Facebook, for example, said on Oct 5 it was starting a new test to give "people additional context on the articles they see in New Feed". For links to articles shared in News Feed, it is testing a button that people can tap to access additional information without needing to go to another site, it said. 

This feature, Facebook said, is designed to provide people some of the tools they need to make an informed decision about which stories to read, share and trust. 

Singapore Prime Minister Lee Hsien Loong on Thursday (Nov 8) also commended the company for tackling the fake news problem. In a post featuring his meeting with COO Sheryl Sandberg, Mr Lee said: "Glad that Facebook is committed to working with partners to deal with this very pertinent and serious problem."

However, not all of its initiatives to combat fake news work.

According to the BBC, the social media giant ended a test that promoted comments containing the word "fake" to the top of news feeds after it left many who had access to the test "frustrated". 

"The comments appeared on a wide range of stories, from ones that could be fake to ones that were clearly legitimate. The remarks, which would appear at the top of the comments section, came from a variety of people but the one thing that they had in common was the word fake," BBC reported.

As for Weibo and WeChat, the research paper said the service providers have implemented mechanisms such as credibility rating that allow users to flag specious content on the platforms and suspned them if they are found posting fake content.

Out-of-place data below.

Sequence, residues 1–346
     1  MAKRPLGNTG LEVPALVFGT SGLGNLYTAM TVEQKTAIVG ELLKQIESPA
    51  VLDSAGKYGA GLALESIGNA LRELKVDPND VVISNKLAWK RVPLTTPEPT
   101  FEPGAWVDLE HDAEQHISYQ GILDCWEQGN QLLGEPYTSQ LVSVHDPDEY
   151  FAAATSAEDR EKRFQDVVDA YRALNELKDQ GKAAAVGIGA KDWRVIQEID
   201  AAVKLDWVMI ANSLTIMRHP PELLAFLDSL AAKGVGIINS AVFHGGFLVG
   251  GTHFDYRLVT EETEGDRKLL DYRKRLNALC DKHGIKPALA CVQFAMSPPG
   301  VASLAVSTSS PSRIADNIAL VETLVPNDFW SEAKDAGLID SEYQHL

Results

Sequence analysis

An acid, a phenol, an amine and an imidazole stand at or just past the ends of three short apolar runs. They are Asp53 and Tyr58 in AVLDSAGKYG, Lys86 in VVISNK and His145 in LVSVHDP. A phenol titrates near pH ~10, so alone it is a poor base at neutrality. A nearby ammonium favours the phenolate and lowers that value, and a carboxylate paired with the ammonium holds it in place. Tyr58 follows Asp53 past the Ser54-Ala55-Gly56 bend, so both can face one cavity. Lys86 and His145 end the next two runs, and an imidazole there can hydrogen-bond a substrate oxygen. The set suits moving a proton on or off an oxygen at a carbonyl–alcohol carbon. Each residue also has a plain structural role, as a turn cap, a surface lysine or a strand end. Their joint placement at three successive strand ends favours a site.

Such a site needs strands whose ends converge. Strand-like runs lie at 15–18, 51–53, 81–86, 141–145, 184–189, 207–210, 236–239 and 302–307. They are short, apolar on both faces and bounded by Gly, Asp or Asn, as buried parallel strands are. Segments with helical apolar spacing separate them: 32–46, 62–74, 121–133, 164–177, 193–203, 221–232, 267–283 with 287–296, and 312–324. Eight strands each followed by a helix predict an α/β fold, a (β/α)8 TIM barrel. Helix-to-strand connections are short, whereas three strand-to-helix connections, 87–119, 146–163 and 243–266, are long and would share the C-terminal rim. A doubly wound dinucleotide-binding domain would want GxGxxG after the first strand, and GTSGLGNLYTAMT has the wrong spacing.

However, the researchers said the first line of defence against fake news are the users. 

"In a post-truth era where news is easy to manufacture but challenging to verify, it’s essentially up to the users to better discern the veracity of the stories they read and prevent fake news from further proliferating," they wrote.

They also highlighted some signs of fake news users can look out for:

  • Hyperbolic and clickbait headlines
  • Suspicious website domains that spoof legitimate news media
  • Misspellings in content and awkwardly laid out website
  • Doctored photos and images
  • Absence of publishing timestamps
  • Lack of author, sources, and data 

Other recommendations include reading beyond the headline, cross-checking the story with other media outlets if the news is reported elsewhere and "getting out of the filter bubble" by reading news from a broader range of reputable sources - "stories that don't align with your own beliefs don't necessarily mean they're fake", they said. 

"Ultimately, the burden of differentiating the truth from untruth falls on the audience. The pace of change has meant that acquired knowledge and experience is less useful in finding the truth on the part of the public," the researchers wrote.

"Applied critical thinking is necessary not only to find the truth, but to keep civil society intact for future generations."

Source: CNA/kk